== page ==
Immelt: `Let's Get to Work'; GE head delivers spirited speech.


Byline: Matt Kane


WORCESTER -After receiving an honorary doctor of science degree at yesterday's Worcester Polytechnic Institute commencement, Jeffrey R. Immelt, chairman and CEO of General Electric Co., told graduates he was required to memorize the school's cheer before obtaining the degree.

"E-I, Radical, Pi. Fight 'em, Fight 'em WPI," Mr. Immelt said after reciting the previous lines of the fight song, while hundreds of graduates, friends and family members applauded.

During his commencement address, titled "Let's Get to Work," the ninth chairman of one of the world's largest industrial companies told graduates to choose a path of optimism versus cynicism and to be positive sources of innovation. He challenged graduates to get to work on important issues, such as health care, breast cancer, high energy costs and environmental degradation.

He shared several tips on how the graduates should go about making change.

"First, recognize that no task is beneath you," he said.

To illustrate, he shared a story that took place when he was leader of the client service business of General Electric Co. When a catastrophic technical failure required the company to replace 3.3 million refrigerator compressors, he visited customers' homes to learn how to fix the compressors, he said.

"There's no better way to put theory into practice than for a math major to sit on someone's kitchen floor while the ice cream melts," he said, as audience members chuckled.

As the sun shone on black gowns and a slight breeze blew cap tassels, the university awarded 738 bachelor of science degrees, 333 master's degrees, and 18 doctor of philosophy degrees on the campus Quadrangle during the 140th WPI commencement.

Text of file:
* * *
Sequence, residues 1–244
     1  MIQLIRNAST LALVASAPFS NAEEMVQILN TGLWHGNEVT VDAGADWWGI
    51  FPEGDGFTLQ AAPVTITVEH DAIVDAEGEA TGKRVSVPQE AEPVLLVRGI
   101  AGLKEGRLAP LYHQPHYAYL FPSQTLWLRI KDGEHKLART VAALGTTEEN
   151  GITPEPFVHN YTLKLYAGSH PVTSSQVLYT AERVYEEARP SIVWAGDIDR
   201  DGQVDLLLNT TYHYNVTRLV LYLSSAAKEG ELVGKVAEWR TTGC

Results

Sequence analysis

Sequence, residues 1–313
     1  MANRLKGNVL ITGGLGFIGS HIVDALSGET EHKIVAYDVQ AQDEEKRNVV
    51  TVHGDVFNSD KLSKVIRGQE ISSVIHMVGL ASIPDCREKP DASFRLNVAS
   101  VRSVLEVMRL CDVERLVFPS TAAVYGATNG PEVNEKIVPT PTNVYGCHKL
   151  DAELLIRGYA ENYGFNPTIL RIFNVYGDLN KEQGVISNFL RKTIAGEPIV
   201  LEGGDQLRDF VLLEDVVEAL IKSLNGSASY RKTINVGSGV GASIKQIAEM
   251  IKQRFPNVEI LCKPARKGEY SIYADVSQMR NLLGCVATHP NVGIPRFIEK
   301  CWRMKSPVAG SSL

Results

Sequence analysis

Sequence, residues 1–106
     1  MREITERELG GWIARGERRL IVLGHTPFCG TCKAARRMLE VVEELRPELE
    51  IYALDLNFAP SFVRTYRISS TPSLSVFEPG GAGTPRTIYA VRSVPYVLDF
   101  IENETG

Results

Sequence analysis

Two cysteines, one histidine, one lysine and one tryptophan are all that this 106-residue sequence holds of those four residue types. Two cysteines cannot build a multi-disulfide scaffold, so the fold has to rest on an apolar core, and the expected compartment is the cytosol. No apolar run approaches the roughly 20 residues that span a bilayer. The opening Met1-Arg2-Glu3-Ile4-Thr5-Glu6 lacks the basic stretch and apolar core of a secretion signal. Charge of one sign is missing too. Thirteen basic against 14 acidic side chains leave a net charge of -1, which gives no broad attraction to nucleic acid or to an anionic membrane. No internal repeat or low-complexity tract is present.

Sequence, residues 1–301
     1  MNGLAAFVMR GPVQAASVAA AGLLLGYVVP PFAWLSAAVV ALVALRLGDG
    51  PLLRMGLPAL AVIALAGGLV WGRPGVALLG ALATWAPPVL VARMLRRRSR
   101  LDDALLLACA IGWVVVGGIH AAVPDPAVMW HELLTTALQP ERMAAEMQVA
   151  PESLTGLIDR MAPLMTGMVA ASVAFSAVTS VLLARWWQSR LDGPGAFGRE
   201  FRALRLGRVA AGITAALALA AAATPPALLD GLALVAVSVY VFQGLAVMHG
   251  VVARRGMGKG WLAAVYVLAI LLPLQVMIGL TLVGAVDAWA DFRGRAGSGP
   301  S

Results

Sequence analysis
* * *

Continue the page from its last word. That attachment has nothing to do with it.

The university also announced that General Electric Co. donated $100,000 toward the Cape Town Project Center, a program that offers WPI students opportunities to work on sustainable development issues in Cape Town, South Africa.

In his speech, graduate Michael J. Richard noted the 100th anniversary of Robert H. Goddard's graduation from WPI. Dr. Goddard launched the first liquid-fueled rocket in 1926.

"Dr. Robert H. Goddard once wrote: `It is difficult to say what is impossible, for the dream of yesterday is the hope of today and the reality of tomorrow,'" Mr. Richard said.

"We graduate today with the same potential and WPI education necessary to change the world as this early rocket pioneer."

The university awarded Woodie Flowers, Pappalardo Professor Emeritus at MIT, an honorary doctor of engineering degree for his commitment to bringing science and technology to students of all ages. Richard W. Lyman, former president of Stanford University, received a doctor of science degree. Elizabeth J. "Jing" Lyman, his wife,

received a doctor of science degree for her leadership of organizations dedicated to community service and equality.

The university presented Chairman's Exemplary Faculty Prizes, each in the amount of $10,000, to David S. Adams, WPI professor of biology and biotechnology, and Alexander E. Emanuel...

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